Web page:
Mean Reverting Profits

Earlier this week I discussed the growing detachment between the stock market and the“real” underlying economy. One of the areas I touched on was corporate earnings that have been elevated by an immense amount of accounting gimmackry, cost cutting, and productivity increases. The problem, as I stated, is that historically earnings have grown 6% peak-to-peak before a reversion. Notice, I said peak-to-peak. The issue is that the majority of analysts now estimate that earnings will rise unabated for the next five years.

As shown in the chart below, earnings have never attained the currently expected growth rate…ever.”


However, this also applies to corporate profit margins as well. As Jeremy Grantham once stated:

“Profit margins are probably the most mean-reverting series in finance, and if profit margins do not mean-revert, then something has gone badly wrong with capitalism. If high profits do not attract competition, there is something wrong with the system, and it is not functioning properly.”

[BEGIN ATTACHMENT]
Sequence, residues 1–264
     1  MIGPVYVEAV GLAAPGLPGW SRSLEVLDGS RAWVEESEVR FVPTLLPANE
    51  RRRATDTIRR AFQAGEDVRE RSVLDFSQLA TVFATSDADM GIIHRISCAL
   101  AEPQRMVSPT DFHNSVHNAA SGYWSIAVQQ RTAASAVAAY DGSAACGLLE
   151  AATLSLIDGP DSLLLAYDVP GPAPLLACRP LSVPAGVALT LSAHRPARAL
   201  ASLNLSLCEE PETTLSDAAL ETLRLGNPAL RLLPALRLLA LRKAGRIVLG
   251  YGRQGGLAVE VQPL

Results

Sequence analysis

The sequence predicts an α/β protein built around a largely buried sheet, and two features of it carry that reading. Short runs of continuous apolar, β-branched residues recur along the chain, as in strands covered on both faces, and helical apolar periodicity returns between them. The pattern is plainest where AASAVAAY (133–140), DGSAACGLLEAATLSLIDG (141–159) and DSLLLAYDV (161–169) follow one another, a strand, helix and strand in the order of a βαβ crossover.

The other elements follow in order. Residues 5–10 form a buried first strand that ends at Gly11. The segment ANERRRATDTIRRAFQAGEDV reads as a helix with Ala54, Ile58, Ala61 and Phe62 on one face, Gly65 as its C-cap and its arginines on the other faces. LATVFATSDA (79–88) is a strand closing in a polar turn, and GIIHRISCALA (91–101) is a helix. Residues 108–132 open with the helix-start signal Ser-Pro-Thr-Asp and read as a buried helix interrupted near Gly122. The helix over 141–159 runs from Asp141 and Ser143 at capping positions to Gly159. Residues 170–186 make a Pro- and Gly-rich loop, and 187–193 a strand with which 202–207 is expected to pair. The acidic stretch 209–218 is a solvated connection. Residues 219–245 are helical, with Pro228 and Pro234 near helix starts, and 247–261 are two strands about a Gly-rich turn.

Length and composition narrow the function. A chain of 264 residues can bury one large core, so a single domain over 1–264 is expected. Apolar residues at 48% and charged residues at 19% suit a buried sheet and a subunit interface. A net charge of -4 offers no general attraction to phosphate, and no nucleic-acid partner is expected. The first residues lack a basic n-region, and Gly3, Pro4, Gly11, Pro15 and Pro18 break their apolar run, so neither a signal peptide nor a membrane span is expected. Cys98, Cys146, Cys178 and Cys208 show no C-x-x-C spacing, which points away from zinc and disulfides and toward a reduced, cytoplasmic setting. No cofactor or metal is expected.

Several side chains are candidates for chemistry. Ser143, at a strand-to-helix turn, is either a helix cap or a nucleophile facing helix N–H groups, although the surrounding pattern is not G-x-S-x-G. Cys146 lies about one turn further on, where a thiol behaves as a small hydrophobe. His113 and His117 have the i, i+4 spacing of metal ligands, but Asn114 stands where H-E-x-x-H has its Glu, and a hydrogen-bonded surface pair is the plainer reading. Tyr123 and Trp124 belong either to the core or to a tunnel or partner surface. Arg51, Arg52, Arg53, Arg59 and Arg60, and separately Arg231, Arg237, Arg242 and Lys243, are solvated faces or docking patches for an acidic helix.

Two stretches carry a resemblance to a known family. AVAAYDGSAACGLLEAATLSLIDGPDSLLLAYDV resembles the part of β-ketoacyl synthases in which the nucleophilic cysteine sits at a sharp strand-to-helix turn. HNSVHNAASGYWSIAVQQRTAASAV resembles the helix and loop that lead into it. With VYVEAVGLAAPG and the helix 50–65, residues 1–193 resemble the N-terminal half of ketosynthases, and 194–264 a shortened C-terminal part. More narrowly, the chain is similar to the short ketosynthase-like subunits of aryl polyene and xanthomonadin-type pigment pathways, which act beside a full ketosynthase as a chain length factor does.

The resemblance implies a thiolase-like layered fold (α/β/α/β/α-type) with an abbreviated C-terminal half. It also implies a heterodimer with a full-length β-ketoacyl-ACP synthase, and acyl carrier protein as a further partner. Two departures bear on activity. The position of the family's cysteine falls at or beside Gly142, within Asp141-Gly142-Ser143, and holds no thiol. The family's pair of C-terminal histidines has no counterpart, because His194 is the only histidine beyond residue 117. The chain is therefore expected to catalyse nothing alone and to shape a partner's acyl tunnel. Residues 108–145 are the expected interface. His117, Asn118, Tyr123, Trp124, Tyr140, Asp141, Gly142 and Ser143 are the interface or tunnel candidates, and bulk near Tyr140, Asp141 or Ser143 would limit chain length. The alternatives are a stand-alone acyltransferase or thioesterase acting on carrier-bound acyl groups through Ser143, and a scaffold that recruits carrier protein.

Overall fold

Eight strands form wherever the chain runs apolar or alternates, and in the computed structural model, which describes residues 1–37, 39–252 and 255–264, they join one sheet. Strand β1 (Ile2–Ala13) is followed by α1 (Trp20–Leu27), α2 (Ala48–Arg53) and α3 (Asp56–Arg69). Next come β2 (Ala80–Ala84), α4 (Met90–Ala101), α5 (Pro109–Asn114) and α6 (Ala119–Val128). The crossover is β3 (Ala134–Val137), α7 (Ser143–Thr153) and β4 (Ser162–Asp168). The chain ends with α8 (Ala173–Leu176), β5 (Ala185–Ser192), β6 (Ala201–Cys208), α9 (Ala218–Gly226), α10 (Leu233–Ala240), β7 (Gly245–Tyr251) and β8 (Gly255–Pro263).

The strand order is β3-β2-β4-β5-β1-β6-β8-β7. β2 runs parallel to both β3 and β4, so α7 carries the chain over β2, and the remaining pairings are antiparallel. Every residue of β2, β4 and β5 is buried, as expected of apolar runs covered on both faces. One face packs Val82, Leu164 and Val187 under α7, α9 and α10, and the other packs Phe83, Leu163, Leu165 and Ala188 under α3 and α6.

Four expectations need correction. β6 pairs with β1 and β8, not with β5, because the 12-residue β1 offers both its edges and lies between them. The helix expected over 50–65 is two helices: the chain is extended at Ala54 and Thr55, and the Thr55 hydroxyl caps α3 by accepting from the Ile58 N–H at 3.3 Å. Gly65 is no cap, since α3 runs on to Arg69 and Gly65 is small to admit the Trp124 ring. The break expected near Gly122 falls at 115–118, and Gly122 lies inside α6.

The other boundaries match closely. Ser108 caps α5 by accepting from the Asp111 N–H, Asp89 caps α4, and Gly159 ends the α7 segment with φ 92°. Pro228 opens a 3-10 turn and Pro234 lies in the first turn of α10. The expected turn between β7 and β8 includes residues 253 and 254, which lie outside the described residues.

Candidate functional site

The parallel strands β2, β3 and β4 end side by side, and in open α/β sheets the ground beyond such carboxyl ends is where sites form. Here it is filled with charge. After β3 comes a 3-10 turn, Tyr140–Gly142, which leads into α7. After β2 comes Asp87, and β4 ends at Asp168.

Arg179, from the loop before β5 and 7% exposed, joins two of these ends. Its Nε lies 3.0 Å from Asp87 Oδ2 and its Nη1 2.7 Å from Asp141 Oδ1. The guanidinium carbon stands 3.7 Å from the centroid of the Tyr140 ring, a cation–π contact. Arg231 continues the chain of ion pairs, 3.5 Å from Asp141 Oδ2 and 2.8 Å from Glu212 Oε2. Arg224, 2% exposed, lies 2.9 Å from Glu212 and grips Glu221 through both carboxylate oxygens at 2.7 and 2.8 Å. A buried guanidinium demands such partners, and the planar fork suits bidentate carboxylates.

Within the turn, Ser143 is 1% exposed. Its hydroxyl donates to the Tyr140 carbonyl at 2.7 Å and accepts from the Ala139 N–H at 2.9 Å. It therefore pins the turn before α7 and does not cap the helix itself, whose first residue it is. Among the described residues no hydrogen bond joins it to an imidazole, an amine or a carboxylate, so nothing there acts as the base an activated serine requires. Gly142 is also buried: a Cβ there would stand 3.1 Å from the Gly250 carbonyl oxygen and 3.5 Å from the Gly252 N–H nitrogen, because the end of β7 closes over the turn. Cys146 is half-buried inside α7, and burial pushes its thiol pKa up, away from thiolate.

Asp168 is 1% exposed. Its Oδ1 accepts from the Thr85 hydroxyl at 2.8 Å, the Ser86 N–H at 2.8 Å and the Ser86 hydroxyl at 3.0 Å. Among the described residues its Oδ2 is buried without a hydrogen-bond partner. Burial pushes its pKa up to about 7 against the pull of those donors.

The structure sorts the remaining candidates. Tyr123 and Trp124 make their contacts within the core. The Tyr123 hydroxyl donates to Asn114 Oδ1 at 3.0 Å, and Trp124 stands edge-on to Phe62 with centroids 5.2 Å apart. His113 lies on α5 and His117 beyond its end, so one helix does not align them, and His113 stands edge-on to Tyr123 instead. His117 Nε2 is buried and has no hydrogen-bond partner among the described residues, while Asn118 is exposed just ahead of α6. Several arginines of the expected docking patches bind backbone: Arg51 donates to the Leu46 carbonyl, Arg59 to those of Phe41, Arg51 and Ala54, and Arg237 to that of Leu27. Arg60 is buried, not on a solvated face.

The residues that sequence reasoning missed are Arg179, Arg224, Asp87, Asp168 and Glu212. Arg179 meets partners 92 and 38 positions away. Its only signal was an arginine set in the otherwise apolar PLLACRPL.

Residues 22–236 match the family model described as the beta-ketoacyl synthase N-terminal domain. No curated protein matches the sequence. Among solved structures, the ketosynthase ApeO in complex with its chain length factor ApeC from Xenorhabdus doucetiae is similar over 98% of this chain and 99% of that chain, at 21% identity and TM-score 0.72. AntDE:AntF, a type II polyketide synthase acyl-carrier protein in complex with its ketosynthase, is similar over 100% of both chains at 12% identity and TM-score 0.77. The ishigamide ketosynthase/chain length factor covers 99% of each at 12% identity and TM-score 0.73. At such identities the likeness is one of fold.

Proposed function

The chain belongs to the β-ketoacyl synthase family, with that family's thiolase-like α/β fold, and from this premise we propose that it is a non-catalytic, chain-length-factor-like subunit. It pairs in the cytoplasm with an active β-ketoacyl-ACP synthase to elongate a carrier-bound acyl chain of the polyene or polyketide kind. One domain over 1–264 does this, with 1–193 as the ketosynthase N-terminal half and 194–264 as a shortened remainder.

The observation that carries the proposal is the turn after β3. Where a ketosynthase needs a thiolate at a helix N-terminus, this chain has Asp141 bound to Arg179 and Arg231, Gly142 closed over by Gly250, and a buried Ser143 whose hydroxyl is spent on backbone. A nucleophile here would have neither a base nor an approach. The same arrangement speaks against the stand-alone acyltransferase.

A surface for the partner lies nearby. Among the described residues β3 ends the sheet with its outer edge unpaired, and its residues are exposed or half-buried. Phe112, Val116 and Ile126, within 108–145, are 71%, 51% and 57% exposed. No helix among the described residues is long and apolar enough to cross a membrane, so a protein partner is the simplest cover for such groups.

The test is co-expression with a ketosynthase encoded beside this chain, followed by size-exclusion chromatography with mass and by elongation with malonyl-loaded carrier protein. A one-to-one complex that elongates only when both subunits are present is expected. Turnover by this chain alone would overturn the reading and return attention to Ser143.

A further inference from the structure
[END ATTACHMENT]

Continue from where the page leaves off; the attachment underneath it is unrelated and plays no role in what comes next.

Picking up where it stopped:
Grantham is correct. As shown, when we look at inflation-adjusted profit margins as a percentage of inflation-adjusted GDP we see a clear process of mean reverting activity over time.


Reversions occur both from peaks and troughs, therefore, when profits-to-GDP have exceeded their long-term average to a significant degree (1 or 2 standard deviations)that has been a subsequent reversion.  (Note: if I use nominal corporate profits the ratio is near 2-standard deviations from the mean)

Corporate profit margins have physical constraints.  Out of each dollar of revenue created there are costs such as infrastructure, R&D, wages, etc. Currently, one of the biggest beneficiaries to expanding profit margins has been the suppression of employment and wage growth and artificially suppressed interest rates that have significantly lowered borrowing costs. Should either of the issues change in the future, the impact to profit margins will likely be significant.

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